Insomnia Cure Linked to Discovery of Eye Cells as ‘Brand New Target’: Study

by Thilaka Ravi on August 19, 2008 at 3:38 PM
 Insomnia Cure Linked to Discovery of Eye Cells as ‘Brand New Target’: Study

A team of researchers at Oxford University has found hitherto unrecognized cells in the eye that could be a brand new target for the development of highly selective drugs to regulate sleep and wakefulness.

Most of us feel sleepy in a dimly lit place and alert in a bright place. The biological mechanism behind this was unexplained till now. The answer seems to be that specialized cells in the retina detect light and send brightness information to those regions of the brain that regulate sleep and levels of arousal.


The biological mechanism was discovered when the research team worked on mice in which the cells had been genetically turned-off. Mice normally sleep when it is daylight and wake up in the dark. The researchers observed that those mice in which the light-sensitive cells were turned off stayed wide-awake even when the lights were on.

According to their study published in the journal Nature Neuroscience, the team has been able to track the sleep pathway to the brain, showing that the retinal ganglion cells directly activated two sleep-inducing centers there.

Professor Russell Foster, the lead researcher said, "By targeting the specific mechanism controlling the action of retinal ganglion cells, it may be possible in the future to develop sophisticated treatments to regulate the sleep-wake cycles."

A multibillion-dollar sleeping pill market thrives on developing and selling a lot many drugs to regulate the sleep-wake cycles. But current medicines are not very efficient and sophisticated and the drugs have side effects.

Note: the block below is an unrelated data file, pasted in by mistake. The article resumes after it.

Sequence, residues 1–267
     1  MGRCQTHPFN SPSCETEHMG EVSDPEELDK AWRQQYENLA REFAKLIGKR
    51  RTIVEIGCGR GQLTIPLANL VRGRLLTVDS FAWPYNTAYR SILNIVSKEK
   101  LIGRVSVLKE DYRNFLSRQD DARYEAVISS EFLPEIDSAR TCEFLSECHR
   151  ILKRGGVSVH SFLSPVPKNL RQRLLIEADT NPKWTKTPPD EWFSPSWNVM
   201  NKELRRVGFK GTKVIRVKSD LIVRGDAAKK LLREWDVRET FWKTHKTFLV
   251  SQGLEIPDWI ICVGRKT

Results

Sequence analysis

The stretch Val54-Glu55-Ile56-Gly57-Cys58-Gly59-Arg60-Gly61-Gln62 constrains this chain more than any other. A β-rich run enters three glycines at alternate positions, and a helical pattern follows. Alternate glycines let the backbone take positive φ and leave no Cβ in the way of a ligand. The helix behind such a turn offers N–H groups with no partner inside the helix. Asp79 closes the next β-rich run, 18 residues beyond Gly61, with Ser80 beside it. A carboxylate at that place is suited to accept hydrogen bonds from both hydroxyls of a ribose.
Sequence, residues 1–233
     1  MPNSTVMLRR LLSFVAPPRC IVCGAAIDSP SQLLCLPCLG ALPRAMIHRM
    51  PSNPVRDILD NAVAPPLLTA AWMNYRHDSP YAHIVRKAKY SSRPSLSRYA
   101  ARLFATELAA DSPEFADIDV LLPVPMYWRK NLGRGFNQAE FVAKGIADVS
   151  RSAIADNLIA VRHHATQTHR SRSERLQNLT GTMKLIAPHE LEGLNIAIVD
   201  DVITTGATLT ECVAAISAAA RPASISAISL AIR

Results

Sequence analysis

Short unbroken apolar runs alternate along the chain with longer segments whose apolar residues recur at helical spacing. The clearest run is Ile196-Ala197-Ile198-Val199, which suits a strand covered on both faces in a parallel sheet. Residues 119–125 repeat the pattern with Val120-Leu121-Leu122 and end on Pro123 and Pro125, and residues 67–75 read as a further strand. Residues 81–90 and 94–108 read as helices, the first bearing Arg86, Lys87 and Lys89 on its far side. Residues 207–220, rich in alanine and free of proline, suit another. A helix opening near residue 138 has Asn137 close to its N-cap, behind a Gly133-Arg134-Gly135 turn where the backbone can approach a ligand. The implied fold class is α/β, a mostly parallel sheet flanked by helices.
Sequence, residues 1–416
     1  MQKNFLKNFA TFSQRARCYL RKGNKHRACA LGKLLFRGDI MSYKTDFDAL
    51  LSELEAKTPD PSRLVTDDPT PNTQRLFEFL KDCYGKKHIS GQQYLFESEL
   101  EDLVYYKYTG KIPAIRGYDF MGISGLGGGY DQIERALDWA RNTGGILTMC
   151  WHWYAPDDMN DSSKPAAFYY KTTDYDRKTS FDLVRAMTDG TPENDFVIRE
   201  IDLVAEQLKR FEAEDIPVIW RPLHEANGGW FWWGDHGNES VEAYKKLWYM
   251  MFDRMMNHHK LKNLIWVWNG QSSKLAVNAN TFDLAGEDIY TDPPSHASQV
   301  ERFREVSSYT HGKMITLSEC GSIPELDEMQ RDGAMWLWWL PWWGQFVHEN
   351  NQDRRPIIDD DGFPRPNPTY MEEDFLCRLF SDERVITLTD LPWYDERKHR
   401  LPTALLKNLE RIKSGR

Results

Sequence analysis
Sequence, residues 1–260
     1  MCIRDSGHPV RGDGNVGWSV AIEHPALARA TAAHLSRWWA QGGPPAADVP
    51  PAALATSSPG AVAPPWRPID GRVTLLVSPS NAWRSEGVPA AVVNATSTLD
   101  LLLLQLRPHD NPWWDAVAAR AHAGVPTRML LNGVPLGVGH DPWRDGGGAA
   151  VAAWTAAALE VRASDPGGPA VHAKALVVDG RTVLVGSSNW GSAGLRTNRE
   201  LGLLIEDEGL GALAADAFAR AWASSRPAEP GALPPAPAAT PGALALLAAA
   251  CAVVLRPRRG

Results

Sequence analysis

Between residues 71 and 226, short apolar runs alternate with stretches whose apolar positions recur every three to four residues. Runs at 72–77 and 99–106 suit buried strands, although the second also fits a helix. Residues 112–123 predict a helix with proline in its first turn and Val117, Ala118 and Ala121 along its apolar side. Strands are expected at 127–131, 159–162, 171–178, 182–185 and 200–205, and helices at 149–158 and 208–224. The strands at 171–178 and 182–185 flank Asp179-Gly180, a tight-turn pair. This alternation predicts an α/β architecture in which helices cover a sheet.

The researchers opine the study will pave the way to a new class of sleeping pills and stimulants that would have the same effect as bright light, or darkness, depending on how the drug is designed.

The research is still at an early stage and scientists have yet to establish if the same processes affecting mice that are nocturnal by nature, will work in humans.

Source: Medindia
Font : A-A+



Recommended Readings

Latest Research News

Life Expectancy Gap for Autistic Individuals Revealed
Diagnosed autistic individuals showed increased premature mortality in the UK, highlighting urgent needs to address associated inequalities.
Exploring How Hearing Impairment Shapes Dementia Risk
Study reveals a correlation between hearing impairment and distinct brain region variances, contributing to dementia.
Coffee and its Role in Neurodegenerative Disorders
Financial impact of caring for individuals with neurodegenerative disorders reaches hundreds of billions annually in the United States.
Healthcare Industry Struggles With Tech Skills Shortage
Experts emphasize that addressing the skills gap demands immediate attention and innovative solutions, including education, re-training, and significant time investment.
Nano-Probes Uncover Cellular Reactions to Pressure
New study unveiled the cells' ability to adapt in responses and potential implications for conditions such as diabetes and cancer.
View All
This site uses cookies to deliver our services.By using our site, you acknowledge that you have read and understand our Cookie Policy, Privacy Policy, and our Terms of Use  Ok, Got it. Close

Insomnia Cure Linked to Discovery of Eye Cells as ‘Brand New Target’: Study Personalised Printable Document (PDF)

Please complete this form and we'll send you a personalised information that is requested

You may use this for your own reference or forward it to your friends.

Please use the information prudently. If you are not a medical doctor please remember to consult your healthcare provider as this information is not a substitute for professional advice.

Name *

Email Address *

Country *

Areas of Interests